First I came to Amarica, first I make bad choices. And when I come to Amarica I been mean to my family and also friends. I been in lots institutions and it’s not fun at all. I used to run away and hurt myself all the time and I don’t control myself. I used to been in jail for a long time [Emily was in Juvenile Detention once for three months]. And I went to [name of treatment facility omitted] and other different kinds of places [series of group homes, treatment centers and institution type facilities]. Sometimes I hate things about me.
I like people help all the time. Sometimes I feel I want to kill myself. I have lots of problems about my life. I’ve been abused from Russian orphiniges. Sometimes I need like run away or hurt myself. I feel sometimes life it does not matter anymore for my life. I hurt my sisters and my brothers and for that I went to jail [juvenile detention] and now I cannot go to Russia. [Emily would like to return to Russia to visit a near-catatonic sister, Lydia, who was left behind. A felony conviction complicates such a return.]
Because I am saying this is because I want to help kids always because they need families because I am writing myself all the time. [Emily writes this blog by herself because she wants to help children to get families.]
I am [was] mad all the time means when I was mad all the time. But it’s not OK to hurt others or myself or run away all the time. But I am breaking glass sometimes.
Sometimes I feel like I need government to help me all the time because I couldn’t help myself. I feel like who cares [about] my life anymore? But government care about my life. When I live for long time with my family I threaten my family before but that is not OK.
Sometimes I feel my life not good enough. Sometimes when I hurt myself or run away then I am not so happy with my life. Government need more helping me all the time. Make sure I am safe all the time because I don’t care sometimes. Life is not easy for me. Some kids like me need help from government all the time. Thanks for the help.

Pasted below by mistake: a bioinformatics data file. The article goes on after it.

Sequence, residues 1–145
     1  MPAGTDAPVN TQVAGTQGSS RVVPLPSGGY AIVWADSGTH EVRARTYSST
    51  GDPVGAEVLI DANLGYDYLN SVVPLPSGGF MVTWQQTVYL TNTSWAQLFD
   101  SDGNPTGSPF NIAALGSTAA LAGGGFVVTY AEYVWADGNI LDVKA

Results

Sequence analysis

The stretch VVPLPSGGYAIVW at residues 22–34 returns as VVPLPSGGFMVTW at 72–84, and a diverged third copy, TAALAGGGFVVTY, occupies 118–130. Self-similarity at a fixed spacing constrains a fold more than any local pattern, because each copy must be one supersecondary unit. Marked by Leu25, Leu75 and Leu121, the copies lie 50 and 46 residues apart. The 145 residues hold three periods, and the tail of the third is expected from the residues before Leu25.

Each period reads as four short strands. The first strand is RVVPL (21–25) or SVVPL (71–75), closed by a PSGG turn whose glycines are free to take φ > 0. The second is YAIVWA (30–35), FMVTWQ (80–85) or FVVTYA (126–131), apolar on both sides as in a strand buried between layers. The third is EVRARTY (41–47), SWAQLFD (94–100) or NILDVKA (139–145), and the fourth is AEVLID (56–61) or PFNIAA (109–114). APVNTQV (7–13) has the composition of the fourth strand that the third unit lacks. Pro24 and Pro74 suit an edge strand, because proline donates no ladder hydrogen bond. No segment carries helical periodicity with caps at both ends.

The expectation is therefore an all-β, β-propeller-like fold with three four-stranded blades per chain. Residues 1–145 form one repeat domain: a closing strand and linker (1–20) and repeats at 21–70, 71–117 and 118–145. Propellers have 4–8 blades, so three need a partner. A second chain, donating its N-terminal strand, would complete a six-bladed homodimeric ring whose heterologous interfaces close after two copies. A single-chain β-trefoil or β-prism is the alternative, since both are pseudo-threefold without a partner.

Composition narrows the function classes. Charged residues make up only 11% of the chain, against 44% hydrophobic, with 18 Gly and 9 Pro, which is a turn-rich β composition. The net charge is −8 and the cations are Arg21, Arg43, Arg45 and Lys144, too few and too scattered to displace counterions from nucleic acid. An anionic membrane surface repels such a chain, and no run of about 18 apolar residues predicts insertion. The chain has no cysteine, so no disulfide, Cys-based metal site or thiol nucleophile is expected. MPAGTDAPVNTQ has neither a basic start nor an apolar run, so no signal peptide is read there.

Wow. These blogs are always Emily’s thoughts and words. I only clarify when I feel like I really need to. It was difficult for me to read parts of this, but it helps me to understand my daughter better. It was interesting to see the “Soviet Thinking” that I can’t take care of myself so I need the government to do it. It was also interesting to see the lessons that she was taught in Russian orphanages, that she should be thankful to the government for taking care of her and that she can’t take care of herself. It surprised me to see how little difference she sees between her institutional life in Russia and her government-supported partial-institution-life in the U.S. It pained me to see that she feels more secure with the government supporting her than family. It surprised me to see that she put her loyalties and trust more in government than family, though it shouldn’t have with where she came from and with what has continued to happen in her life since moving to the United States. I think that this is partly because of her upbringing in Russia, particularly with what was taught to orphans who were supported by the government. Still, our family is not blameless. Though I stand by our decision to get Emily into institutional care, for her own safety, and for that of others, it came at a price. Her belief that government was there for her when family wasn’t providing for her, was painfully true. (Though we did remain very involved and she has always been included, and considered an important part of our family). If you have a family member who suffers from depression, particularly with self-harm or suicidal tendencies, I hope that this helps you to better understand them and also to realize the need for them to have constant care and support. Emily chose to share these thoughts (against my counsel) because she thought it would help others who also have her same feelings. Though that may not be true, I agree that it might help their families. If you have a child from a former Soviet state, I hope this sheds some light on their thinking. Regardless of where you are, I hope that we all realize the dangers of making government more important and more worthy of trust than family.
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